Joan E. Childs conducts a 2-day Couple Intensive.
For details call: (954)568-1004
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Hi everyone.  I have some good news!

Sometime during the latter part of August, I will be offering, for the first time, a two day Group Intensive for Couples. This will be two full days of deep connecting, communicating and sharing your full presence with one another. I am taking no more than four couples for this event so that each couple will have the chance to receive personalized attention, as well as to learn from the work of the other couples present.

The work is based on Encounter-Centered Couples Therapy, a modality designed by Hedy Schleifer, LMFT,who has been my mentor and teacher.  I am truly excited to offer this special program to those couples who are ready for change. Inclusive in this workshop will be Inner Child Work, NLP, hypnosis, psycho-education and processing,

First come, first serve. The cost of the two- day workshop is $900.00 per couple.  This will provide couples with an opportunity to heal their relational space, promote communication and realign their relationship for a deeper and more meaningful connection.

Please contact my office to register and for further information.

I look forward to hearing from you!


(954) 568-1004


Joan E . Childs shares a personal story of loss and connection to Liza Long

I read the blog written by Liza Long with heartfelt sympathy and interest.   I too am a mother recovering from the loss of a daughter who suffered from mental illness.  No, she was not a murderer, a criminal or an evil person.  She was a loving devoted daughter, sister, friend and clinical therapist holding both an LCSW (Licensed Clinical Social Worker) and Ph.D. in psychology.  She loved life, her work, her patients, her family and her friends.   She was sick and suffered from Bipolar I Disorder for ten years before she leaped to her death on July 2, 1998.  She was thirty-four years old.

Pam fought her illness tenaciously.  To her, they were demons brought to her by a demonic force she referred to as the devil.  They took up residence in her mind, and as the years progressed they slowly devoured her mind, her spirit and her life.  Pam did not choose to jump; the demons pushed her out the window.

Mental illness takes many forms and many diagnoses, most of which take a skilled psychiatrist to determine, as many mental disorders have co-morbidity, (symptoms that resemble another diagnosis’, such as schizophrenia and Bipolar Disorder.)  It takes the time to obtain a differential diagnosis.  Until a diagnosis is made, a treatment plan cannot be implemented, not unlike any other illness.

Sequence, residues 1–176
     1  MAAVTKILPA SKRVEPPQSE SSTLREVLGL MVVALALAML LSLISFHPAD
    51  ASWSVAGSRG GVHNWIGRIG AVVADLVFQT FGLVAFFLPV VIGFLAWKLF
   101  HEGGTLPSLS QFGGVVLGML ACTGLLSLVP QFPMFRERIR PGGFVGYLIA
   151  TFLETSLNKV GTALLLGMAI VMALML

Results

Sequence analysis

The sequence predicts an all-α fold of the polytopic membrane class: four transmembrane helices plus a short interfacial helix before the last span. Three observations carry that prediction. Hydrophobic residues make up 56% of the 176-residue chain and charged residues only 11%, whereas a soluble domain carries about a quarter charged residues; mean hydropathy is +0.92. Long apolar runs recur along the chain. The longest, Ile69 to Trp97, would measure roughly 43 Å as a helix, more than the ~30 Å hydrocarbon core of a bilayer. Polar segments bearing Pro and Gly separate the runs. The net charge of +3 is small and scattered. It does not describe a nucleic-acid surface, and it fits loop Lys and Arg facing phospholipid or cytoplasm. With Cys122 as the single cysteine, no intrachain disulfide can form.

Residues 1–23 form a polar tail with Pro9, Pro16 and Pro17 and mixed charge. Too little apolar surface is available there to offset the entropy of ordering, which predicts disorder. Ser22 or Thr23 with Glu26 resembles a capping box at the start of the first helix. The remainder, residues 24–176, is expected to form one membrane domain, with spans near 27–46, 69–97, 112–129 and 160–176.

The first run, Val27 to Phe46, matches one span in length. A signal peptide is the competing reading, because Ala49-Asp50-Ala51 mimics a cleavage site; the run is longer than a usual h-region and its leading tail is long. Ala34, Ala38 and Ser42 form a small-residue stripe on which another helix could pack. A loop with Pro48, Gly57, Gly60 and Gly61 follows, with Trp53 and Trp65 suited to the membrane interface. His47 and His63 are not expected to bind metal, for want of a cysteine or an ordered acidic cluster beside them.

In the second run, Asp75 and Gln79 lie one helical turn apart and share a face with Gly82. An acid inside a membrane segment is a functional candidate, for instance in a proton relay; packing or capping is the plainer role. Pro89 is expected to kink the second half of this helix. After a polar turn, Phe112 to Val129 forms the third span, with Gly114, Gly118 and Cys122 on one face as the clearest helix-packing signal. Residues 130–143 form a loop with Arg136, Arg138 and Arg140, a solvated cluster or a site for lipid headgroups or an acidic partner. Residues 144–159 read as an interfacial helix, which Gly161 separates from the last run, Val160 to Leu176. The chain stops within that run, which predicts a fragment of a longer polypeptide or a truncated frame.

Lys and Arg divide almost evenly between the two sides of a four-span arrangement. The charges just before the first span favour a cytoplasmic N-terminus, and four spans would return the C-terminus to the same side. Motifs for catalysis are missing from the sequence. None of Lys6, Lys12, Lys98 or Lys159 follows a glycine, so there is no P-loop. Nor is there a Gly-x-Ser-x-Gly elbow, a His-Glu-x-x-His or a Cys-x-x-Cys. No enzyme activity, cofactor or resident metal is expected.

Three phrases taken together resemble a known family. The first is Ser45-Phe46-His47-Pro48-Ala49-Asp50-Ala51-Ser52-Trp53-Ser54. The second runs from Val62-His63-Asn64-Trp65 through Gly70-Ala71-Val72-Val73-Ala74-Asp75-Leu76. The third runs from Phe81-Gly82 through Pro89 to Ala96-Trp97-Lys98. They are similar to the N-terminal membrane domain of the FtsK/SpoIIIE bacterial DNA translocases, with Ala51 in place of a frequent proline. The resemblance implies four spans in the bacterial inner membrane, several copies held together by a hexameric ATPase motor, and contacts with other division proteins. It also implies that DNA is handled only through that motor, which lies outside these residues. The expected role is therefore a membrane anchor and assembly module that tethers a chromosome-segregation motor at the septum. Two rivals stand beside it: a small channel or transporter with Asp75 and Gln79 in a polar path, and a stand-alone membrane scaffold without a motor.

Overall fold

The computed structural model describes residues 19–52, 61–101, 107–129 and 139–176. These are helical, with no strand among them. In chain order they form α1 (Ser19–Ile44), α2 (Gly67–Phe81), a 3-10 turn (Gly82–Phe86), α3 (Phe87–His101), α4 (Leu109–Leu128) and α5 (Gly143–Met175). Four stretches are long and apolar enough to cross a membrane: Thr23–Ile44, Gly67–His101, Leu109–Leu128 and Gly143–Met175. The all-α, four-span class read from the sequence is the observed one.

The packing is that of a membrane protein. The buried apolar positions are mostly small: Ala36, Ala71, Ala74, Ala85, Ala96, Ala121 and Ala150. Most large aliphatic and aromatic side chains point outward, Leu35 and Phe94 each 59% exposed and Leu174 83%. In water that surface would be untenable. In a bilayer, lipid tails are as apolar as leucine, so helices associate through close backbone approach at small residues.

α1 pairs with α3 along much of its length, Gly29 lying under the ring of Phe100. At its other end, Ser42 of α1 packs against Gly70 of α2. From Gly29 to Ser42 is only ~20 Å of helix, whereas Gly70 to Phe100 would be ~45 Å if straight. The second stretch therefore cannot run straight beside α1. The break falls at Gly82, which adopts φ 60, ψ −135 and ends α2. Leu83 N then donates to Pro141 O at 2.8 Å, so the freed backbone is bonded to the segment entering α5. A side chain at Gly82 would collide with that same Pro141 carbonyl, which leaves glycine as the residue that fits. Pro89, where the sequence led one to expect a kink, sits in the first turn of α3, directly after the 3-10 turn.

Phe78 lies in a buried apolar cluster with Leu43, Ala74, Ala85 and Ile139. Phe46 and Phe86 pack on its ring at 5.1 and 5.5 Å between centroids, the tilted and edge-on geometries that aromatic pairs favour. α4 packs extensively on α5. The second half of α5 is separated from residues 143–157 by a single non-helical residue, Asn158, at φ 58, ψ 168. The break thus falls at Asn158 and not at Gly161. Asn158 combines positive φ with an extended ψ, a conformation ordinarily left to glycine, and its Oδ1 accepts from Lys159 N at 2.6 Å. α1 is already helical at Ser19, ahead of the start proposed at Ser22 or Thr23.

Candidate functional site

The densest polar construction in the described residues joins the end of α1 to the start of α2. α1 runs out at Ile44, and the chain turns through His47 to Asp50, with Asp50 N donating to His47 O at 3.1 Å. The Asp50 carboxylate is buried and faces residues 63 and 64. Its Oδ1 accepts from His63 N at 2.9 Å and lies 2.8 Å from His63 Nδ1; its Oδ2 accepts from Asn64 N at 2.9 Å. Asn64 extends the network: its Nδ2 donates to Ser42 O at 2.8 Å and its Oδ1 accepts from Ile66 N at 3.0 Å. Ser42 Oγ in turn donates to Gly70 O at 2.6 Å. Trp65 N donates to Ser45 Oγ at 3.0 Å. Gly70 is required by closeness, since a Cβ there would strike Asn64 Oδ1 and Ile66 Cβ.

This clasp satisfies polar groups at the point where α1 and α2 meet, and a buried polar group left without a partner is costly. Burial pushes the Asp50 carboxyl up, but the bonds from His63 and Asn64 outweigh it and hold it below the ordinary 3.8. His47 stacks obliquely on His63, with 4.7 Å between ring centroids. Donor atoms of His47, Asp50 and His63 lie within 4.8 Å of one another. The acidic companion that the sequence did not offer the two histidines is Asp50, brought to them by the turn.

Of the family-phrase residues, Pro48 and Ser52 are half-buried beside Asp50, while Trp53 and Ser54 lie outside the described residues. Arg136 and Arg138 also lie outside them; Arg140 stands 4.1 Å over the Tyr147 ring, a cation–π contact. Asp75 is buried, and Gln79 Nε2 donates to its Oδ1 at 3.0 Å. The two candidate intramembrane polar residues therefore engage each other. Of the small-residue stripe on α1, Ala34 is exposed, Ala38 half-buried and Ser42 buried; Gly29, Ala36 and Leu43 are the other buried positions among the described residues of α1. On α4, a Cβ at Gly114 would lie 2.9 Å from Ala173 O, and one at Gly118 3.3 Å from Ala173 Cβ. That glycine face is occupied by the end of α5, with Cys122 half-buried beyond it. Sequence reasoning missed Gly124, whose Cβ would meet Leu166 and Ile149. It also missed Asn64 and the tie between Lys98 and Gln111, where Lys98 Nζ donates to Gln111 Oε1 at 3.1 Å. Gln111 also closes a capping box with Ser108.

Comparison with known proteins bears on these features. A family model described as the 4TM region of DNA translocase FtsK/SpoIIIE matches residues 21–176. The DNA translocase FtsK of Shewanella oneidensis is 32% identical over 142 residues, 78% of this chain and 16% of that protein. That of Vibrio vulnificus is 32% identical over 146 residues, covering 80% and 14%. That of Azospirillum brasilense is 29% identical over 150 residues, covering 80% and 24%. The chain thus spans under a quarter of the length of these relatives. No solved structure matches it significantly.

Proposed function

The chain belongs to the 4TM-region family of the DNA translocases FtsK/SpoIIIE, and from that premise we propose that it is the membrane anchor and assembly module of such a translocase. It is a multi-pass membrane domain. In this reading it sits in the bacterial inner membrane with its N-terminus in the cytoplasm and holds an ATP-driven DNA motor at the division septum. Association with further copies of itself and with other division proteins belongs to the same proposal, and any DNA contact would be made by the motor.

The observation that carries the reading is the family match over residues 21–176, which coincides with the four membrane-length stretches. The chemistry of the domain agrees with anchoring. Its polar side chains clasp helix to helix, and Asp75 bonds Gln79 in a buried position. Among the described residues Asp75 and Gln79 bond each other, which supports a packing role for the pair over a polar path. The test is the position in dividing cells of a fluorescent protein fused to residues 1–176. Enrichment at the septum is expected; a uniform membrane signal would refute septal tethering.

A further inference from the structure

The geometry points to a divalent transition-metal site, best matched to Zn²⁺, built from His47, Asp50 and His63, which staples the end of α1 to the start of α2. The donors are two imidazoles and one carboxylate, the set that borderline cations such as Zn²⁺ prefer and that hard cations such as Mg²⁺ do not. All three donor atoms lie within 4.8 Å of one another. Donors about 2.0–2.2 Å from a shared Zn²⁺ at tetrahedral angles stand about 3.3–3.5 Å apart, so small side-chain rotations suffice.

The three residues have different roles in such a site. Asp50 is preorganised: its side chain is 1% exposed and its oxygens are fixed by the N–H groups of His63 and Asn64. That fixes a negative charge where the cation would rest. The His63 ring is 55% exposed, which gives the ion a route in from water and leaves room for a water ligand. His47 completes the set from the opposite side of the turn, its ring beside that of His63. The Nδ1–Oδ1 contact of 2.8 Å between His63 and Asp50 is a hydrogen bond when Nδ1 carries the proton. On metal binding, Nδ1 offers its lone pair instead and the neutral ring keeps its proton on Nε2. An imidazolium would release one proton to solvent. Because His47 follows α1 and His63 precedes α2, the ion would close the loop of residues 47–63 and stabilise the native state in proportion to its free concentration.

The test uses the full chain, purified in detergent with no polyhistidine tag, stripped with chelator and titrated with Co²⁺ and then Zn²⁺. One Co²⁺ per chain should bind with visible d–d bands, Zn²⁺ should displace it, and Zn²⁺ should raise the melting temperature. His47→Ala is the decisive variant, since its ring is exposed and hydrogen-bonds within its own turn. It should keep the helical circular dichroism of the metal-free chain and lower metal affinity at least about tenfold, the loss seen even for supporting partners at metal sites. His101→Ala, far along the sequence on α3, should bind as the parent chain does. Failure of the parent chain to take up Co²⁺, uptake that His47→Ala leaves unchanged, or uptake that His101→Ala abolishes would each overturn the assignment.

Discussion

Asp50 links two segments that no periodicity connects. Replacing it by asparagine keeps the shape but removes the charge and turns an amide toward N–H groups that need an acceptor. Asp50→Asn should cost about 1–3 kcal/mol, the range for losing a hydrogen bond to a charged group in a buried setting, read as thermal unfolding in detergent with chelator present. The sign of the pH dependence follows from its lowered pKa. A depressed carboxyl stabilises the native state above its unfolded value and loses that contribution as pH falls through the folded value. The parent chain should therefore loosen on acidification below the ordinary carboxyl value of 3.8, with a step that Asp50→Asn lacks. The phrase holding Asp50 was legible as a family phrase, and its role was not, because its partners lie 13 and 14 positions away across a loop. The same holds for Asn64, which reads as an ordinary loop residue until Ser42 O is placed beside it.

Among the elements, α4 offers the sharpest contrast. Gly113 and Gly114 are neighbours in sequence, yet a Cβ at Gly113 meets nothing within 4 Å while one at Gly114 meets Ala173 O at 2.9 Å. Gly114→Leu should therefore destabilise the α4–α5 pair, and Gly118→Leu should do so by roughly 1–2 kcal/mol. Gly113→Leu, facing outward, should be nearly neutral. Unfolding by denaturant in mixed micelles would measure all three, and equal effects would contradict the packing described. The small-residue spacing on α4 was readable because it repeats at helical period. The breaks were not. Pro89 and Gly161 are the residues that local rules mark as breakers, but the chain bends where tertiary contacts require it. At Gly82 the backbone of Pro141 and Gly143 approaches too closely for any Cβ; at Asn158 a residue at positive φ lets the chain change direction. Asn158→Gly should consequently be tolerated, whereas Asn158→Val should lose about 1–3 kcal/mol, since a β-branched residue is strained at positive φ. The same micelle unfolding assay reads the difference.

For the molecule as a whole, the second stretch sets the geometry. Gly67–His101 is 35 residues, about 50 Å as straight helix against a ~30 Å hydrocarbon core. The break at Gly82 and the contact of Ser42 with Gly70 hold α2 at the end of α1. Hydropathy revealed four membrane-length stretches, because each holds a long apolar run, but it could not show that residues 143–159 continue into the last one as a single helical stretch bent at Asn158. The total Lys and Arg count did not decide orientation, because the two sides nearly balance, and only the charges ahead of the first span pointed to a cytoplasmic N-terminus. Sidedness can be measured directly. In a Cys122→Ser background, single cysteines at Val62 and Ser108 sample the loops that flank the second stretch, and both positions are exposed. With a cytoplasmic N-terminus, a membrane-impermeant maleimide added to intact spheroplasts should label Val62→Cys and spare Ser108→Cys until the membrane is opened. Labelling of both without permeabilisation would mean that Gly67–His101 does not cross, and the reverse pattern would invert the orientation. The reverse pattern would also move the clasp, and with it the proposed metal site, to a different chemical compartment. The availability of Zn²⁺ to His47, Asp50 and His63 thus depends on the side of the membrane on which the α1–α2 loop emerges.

Pam was the eldest of my five children.  She never revealed any symptoms of mental illness until she had her first break when she was twenty-four years old.  By this time, she was half way through her doctorate, working at the John Bradshaw Center in Hollywood, California as a therapist and was considered to be a “wizard” therapist.  The center was an in-patient treatment facility for recovering addicts and mood disorders caused primarily from abuse, neglect, and/or abandonment during their childhood.  Pam was a leading therapist, running groups and seeing the patients in individual sessions.  Her work was heralded by the staff, the patients, and John Bradshaw.

The illness insidiously crept in upon her slowly, steadfastly and with a force that ripped away all reason and rationality while it wove a delusionary system that was unshakable.  As the years passed, Pam was no longer the same vivacious, charming, charismatic young woman that made everyone who knew her fall in love with her.  As the invasion of this illness progressed, all that was before was no more.  Instead, only a shell of a woman who had seemingly lost her mind and spirit remained as my daughter.  Her soul passed before her body.

In my book, WHY DID SHE JUMP: My Daughter’s Battle with Bipolar Disorder that was just released on June 16, 2014, I describe how this illness became her cancer; resistant to all treatment as her belief system prevented her from taking the medicine prescribed.  However, when she did, she turned into a zombie, unable to function and barely get out of bed.  In her twisted mind, she concluded that the medications were agents of the devil and managed to avoid taking them.  As a result, her illness gained strength and her mind lost contact with reality.  Oh, there were lucid moments, but the prevailing theme was insanity by the loss of reality.  The examples will be revealed in the book as well as the torture we, her family were all subjected to.  The worst of it was that there was no place for her to get the treatment she needed.

I wrote a letter to Oprah that became the preface to my book.  I described the trials and tribulations in depth, blaming the health system in our country as one of the leading causes of her death, claiming that my daughter was unable to obtain treatment that could have easily saved her life.    I urged Oprah to do a program on this issue stating that this was not just my child, but everyone’s child who has been stricken with this hideous disease.  I copied it to Hillary Clinton, our congresswoman Elaine Bloom at that time, Senators Bob Graham and Connie Mack.  None responded.  The Miami Herald published my letter, thanks to Sue Reisinger who felt a need to share this tragedy with her readers.

This was sixteen years ago.  Now we are facing a nation who has the worst record for healing our mentally ill citizens.  We had to wait for one tragedy after another to occur for people to start screaming about guns and the atrocities committed on innocent people, worst of all little children as well as the atrocious care of the mentally ill.  My beautiful daughter fell through the cracks because there was no facility that she could be given proper treatment.  How many lives to we have to lose before we get it?  What price do we have to pay to have our voices heard?  My daughter was not rich, nor was she poor.  She worked for a living, was raised in a home with a father who is a physician and a mother, a clinical social worker.  Yet with the vast network of friends and colleagues, we both had, we were rendered helpless, powerless and finally hopeless in securing the help she needed.